Mendelssohn wrote for the duo combination of cello and piano at different points throughout his short lifespan. Composed in 1828, the Variations Concertantes is the first such example, while the last contribution to the genre is the Romance sans paroles, written in 1845 near the end of the composer's life. Sandwiched between these notable smaller works are the two sonatas, each cornerstones of the cello literature. Both sonatas are replete with Mendelssohn's trademark effervescence and quicksilver interspersed with the austere beauty of the slow movements. This Avi album features cellist Julian Steckel and pianist Paul Rivinius in a brilliant performance of these works. Steckel's sound is notable for its combination of power, clarity, and transparency. He nimbly darts around his instrument in the ebullient fast movements while still making sure that each and every note is clearly audible. He changes gears nicely, producing an intense, deep, throaty sound for the more song-like moments, particularly the Adagio of the Op. 58 Sonata. Rivinius engages in a convincing dialogue with Steckel throughout the performance producing a true sense of collaboration of equals. Avi's sound quality and balance is pristine. Nota bene: the tracklisting on the back of the album is incorrect, but the one included with the liner notes is accurate.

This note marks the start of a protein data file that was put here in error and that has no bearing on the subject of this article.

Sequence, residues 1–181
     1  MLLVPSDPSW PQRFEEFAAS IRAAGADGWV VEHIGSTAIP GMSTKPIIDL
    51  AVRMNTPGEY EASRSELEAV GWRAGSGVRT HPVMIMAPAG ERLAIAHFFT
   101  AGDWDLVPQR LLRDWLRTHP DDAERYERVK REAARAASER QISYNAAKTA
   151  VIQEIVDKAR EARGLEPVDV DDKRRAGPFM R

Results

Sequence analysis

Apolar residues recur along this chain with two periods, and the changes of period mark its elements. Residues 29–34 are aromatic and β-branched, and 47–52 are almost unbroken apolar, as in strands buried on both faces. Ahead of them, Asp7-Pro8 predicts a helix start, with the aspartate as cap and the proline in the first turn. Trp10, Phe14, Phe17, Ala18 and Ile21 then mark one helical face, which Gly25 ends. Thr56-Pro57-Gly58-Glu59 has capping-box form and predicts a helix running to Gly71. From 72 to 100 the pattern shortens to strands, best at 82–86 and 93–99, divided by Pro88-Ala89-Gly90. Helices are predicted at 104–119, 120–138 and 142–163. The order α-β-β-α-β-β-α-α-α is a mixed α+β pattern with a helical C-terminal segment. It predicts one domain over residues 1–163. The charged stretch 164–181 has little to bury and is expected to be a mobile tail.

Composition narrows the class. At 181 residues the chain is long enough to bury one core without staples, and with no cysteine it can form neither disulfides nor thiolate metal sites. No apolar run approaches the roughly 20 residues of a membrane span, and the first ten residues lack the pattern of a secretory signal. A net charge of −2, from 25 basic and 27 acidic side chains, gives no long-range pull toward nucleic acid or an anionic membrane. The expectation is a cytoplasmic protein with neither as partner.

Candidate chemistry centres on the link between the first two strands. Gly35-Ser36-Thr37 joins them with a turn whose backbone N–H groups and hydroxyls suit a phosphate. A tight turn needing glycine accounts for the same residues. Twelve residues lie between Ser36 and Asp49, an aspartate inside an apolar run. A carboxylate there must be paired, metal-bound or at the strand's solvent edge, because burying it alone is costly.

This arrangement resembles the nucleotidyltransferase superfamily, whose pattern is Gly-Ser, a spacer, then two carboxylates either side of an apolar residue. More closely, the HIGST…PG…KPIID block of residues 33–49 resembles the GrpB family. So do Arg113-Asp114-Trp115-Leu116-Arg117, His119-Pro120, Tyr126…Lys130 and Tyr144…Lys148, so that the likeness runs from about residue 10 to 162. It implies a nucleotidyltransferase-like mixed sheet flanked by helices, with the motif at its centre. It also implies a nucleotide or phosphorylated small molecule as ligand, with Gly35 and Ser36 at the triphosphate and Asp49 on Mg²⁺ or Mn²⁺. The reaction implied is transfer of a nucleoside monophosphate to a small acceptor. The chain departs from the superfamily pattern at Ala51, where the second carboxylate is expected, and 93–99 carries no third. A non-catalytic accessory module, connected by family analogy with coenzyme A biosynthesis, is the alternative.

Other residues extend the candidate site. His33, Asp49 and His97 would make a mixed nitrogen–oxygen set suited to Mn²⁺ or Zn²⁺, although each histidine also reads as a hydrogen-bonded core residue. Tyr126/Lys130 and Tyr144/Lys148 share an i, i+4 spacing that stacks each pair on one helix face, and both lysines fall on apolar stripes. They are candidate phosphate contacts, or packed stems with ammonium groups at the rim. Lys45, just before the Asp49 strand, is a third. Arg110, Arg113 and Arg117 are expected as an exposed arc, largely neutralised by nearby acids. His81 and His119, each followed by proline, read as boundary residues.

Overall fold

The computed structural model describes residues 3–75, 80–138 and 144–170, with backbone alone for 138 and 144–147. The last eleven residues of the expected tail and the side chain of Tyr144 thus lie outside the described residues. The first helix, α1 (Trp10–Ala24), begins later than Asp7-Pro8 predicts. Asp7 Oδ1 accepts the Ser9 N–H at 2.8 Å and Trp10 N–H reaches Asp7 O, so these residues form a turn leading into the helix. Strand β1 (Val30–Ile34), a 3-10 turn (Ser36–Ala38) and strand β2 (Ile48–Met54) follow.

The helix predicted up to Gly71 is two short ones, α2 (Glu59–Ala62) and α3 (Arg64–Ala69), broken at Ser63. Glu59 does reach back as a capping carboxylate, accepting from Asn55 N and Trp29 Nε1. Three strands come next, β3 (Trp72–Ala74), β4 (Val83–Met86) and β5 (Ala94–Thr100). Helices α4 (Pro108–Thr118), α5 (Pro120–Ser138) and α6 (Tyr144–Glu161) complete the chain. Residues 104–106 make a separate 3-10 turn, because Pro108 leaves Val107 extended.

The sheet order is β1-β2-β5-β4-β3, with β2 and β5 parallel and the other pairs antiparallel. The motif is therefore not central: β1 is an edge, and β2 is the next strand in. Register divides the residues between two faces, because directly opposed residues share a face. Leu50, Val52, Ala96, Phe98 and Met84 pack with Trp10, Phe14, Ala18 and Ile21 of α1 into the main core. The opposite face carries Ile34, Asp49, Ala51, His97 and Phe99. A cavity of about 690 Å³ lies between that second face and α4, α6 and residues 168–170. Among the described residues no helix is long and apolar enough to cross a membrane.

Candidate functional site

AllMusic Review by Mike D. Brownell
|Sonata for cello & piano No. 1 in B flat major, Op. 45|
|Sonata for cello & piano No. 2 in D major, Op. 58|